Woman Dies of Tick-Borne Illness Called 'Bourbon Virus'

After a rare tick borne virus killed a grandmother who worked at Meramec State Park - rangers are collecting thousands of ticks for testing.

SULLIVAN, MO. - A Missouri woman died June 23 after contracting a rare tick-borne illness called Bourbon virus.

Tamela Wilson, 58, was the first person to test positive for the virus in Missouri, and is only the fifth confirmed case since it was identified in 2014, CBS reported. Wilson, who worked as a superintendent at Meramec State Park in Missouri, fell in ill shortly after she pulled two ticks off her body in May.

CBS reported that Wilson's doctor initially diagnosed her with a urinary tract infection and prescribed her antibiotics, but her condition continued to deteriorate.

"She literally couldn't even pick up her phone. She had no strength," Wilson's daughter, Amie May, told CBS News. "My sister had been calling her and couldn't get a hold of her. My mom said the phone was right there ringing, but she could not pick it up to answer it."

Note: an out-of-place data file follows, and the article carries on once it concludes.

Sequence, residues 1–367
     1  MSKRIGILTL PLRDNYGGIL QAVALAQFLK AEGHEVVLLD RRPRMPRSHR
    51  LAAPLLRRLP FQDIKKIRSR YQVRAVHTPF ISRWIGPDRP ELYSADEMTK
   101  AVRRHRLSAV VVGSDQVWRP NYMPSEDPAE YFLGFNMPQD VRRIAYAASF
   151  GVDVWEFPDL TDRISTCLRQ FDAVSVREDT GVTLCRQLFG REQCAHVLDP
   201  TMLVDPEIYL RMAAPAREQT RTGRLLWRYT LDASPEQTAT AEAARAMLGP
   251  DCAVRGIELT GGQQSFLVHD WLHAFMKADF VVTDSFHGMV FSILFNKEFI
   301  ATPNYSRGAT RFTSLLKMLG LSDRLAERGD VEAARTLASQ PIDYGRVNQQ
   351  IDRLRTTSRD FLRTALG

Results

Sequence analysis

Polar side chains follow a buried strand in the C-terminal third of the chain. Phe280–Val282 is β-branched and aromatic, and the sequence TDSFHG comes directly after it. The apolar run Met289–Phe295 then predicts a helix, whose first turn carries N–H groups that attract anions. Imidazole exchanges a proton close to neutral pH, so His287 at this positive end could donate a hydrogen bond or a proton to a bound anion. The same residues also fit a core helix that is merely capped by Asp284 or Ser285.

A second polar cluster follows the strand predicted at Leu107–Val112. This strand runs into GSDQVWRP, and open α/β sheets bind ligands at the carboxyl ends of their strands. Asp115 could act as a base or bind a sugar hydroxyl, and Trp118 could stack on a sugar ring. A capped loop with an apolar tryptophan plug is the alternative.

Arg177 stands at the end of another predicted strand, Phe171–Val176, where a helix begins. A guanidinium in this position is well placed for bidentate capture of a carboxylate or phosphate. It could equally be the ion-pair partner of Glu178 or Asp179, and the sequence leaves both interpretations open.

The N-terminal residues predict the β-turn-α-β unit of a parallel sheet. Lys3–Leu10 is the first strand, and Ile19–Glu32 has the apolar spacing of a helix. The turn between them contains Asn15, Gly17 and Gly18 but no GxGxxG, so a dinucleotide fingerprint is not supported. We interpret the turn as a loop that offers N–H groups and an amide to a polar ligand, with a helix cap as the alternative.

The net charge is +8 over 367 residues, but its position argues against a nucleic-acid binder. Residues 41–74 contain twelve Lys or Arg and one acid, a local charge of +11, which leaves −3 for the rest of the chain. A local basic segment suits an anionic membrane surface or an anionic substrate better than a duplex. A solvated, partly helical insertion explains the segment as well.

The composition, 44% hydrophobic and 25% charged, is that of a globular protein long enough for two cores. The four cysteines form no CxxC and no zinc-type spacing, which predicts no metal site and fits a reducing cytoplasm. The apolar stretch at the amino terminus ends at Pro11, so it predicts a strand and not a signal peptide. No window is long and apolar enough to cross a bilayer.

Wilson was admitted to the Barnes-Jewish Hospital on May 31, according to the St. Louis Post-Dispatch.  A blood test ruled out another tick-borne illness, so her blood was sent to the Centers for Disease Control and Prevention, which confirmed she had Bourbon virus. 

There is no cure for the virus and May told the Post-Dispatch that her mother contracted secondary infections and her health continued to decline.

Three weeks after she was admitted to the hospital, Wilson died.

Steven Lawrence, an infectious disease specialist at Washington University, told the Post-Dispatch that not enough is known about the virus to identify the symptoms or the typical course of the illness.

Lawrence told the Post-Dispatch people should avoid tick bites, remove ticks promptly and be on the lookout for flu-like symptoms after a bite. 

“There is nothing that would make us think that either Bourbon or Heartland are really common,” Lawrence told the Post-Dispatch. “This is an opportunity to say there are things we face every day that are much more of a problem. I see patients who get sick and die from tick-borne infections that could be prevented if people treated it early and doctors recognized it.”

© 2017 USATODAY.COM


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